Arterial Bfoad Pressure Evoked by ifferent

Stimulation of the Rami Serve ",

Acta Physiol. Scaad., ll>7«. 8 {2}: 184-188

Ma G aud Ho SY, Rabbit decrease Decrease

"Hemodynamic Effects of Renal Interoreceptor and

Afferent Nerve Stimulation in Rabbit",

Acta Physiol Siaica, 1990, 42 (3): 262-268

I .B M, w« sc< ««<i Chai xs. Rabbit decrease Decrease

"Effect of Electrical Stimulation of Afferent Renal

■Vi?rtv? on Arterial Blood Pressure, Heart Rate and

Vasopressin in Rabbits" Acis Ph> sic-!. Sitiita. 1995,

[0153] Among all the stimulation experiments performed in pigs according to the previously described protocol, certain locations in the renal arterial wall led to significant decreases in heart rate without causing changes in the blood pressure or the change in blood pressure is minimal in comparison to the decrease in heart rate ( Figure 11). Slight decreases in blood pressure, especially, diastolic blood pressure were often recorded. Out of the 56 data points inclusive of ail 4 physiological parameters evaluated in the experiments, there were at least 1 data point from each physiological parameter that responded with the dose of energy by a drop or no/insignificant change in value; this accounted for over 23% of the data points in this experiment. These distinctive physiological changes in response to the stimulations appear to indicate that nerves innervating these locations are of parasympathetic nature and are different from those sympathetic nerves innervating the locations that results in increases in blood pressure and heart rate upon stimulation. Table 6 summarized the effect of delivering a suitable dose of energy to the afferent renal nerve in different studies involving animal models of dogs, cats and rabbits, in conjunction with this invention, the studies in Table 6 had demonstrated that it is not uncommon to induce effects akin to parasympathetic activity when a suitable dose of energy is delivered to the nerves innervating the kidney. In other words, there is an indication that, in the neural circuitry of the renal artery, there exist nerves that can induce parasympathetic activity rather than sympathetic activity and therefore should not be ablated when treating blood pressure related diseases.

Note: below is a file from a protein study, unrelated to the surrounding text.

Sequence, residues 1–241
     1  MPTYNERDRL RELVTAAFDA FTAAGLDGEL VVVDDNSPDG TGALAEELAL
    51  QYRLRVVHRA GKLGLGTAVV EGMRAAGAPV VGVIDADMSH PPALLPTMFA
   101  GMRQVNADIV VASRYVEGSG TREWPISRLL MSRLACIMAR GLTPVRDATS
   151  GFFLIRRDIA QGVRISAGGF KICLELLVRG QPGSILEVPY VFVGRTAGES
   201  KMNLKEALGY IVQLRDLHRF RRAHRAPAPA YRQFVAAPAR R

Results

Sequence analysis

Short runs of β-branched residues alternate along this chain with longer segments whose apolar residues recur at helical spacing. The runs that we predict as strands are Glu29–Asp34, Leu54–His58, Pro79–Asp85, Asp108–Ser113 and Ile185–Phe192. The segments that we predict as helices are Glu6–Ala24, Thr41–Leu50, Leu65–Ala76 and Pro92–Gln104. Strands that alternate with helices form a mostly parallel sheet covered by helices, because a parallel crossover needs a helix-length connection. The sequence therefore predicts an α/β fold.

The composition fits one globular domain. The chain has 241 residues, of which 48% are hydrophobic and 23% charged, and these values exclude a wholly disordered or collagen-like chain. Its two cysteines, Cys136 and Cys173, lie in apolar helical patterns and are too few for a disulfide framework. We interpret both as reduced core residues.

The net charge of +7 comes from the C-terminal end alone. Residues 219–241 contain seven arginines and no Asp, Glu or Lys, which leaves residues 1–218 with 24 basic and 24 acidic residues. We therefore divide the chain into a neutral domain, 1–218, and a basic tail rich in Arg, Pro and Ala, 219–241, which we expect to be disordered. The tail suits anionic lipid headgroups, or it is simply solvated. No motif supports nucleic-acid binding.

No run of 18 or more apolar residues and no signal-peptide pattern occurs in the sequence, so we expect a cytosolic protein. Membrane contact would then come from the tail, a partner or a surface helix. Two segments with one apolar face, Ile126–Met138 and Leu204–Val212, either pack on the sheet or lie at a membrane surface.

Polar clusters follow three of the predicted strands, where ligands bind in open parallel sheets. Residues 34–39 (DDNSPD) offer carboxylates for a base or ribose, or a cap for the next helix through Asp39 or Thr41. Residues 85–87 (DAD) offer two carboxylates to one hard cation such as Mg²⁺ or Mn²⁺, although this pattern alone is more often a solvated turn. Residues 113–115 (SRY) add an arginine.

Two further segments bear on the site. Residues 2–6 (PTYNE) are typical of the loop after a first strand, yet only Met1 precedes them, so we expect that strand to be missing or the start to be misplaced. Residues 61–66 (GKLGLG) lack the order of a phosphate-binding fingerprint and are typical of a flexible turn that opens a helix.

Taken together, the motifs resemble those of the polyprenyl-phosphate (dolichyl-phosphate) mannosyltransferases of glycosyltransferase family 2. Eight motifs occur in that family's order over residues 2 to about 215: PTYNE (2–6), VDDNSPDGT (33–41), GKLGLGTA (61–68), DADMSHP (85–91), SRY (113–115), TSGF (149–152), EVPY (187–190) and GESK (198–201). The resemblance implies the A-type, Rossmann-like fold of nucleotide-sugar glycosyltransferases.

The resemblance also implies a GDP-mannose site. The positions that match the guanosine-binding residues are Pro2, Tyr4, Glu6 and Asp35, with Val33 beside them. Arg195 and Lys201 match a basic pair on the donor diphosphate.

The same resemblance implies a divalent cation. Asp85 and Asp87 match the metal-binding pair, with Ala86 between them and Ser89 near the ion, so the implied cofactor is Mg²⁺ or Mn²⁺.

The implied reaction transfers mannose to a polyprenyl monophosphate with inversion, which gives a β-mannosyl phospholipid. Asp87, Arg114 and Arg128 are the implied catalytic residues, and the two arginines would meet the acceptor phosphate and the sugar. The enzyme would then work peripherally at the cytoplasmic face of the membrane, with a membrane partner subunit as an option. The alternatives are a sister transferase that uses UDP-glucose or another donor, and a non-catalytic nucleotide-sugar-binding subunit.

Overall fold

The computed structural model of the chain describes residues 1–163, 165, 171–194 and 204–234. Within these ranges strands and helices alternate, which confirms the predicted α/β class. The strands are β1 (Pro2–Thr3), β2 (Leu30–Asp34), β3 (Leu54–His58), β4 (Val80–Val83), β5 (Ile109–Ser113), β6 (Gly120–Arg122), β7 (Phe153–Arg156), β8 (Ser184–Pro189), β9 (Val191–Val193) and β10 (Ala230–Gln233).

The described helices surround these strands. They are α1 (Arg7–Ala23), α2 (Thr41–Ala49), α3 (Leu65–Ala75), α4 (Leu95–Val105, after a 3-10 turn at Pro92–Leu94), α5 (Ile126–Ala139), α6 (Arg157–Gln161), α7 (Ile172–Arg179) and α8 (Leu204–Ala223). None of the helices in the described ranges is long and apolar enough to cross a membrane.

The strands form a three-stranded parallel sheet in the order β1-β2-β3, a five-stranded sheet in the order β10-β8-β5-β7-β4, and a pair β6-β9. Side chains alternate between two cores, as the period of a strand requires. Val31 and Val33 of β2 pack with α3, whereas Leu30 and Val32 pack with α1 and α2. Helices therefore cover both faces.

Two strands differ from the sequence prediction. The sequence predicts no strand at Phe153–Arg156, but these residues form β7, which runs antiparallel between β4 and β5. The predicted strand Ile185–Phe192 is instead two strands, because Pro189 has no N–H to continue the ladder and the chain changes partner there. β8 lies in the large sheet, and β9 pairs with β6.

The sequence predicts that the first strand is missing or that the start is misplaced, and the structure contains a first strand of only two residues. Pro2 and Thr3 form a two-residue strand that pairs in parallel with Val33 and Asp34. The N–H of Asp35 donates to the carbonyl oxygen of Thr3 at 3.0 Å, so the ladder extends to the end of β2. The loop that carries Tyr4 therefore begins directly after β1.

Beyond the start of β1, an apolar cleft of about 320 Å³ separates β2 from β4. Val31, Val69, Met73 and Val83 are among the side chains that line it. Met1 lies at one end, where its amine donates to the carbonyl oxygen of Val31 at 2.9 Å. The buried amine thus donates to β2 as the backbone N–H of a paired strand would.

EXAMPLE 3

Ensuring energy is directed to a target nerve during ablation

[0154] Subsequent to the studies for locating and identifying nerves in an arterial wall, energies at dosage suitable for ablations were also delivered to the innervated spots in the renal arterial wail of the same pigs. Four ablations were each delivered to the left and to the right renal arteries starting from the kidney side and moving to the abdominal aorta side in the order of movement from the anterior, to the posterior, to the superior and then to the inferior wall; each ablation was < 5mm apart from the location of the previous ablation and the electrode head (catheter tip) of the ablation catheter was turned 90 degrees after each ablation. Based on the literature (Krum 2009, 2010), low energy level (5-8 watts) should be used for renal ablation; therefore, 5 watts and 8 watts were used for renal ablation. For left renal artery ablation, the energy level applied was 5 watts and the time length of ablation was 120 seconds; for the right renal artery, the ablation energy level applied was 8 watts and the time length was 120 seconds. The temperature at the ablation site was measured to be from 40°C to 50°C. The physiological parameters: systolic blood pressure, diastolic blood pressure, mean arterial pressure and heart rate were examined during ablations. The data clearly showed that ablation at different locations within the renal artery resulted in differing changes in blood pressure and heart rate, further demonstrating that changes in physiological parameters such as blood pressure and heart, rate can be used as indicators for an accurate delivery of ablation energy to a targeted nerve and provided further evidence that distribution of the nerves in the arterial wall varied case by case.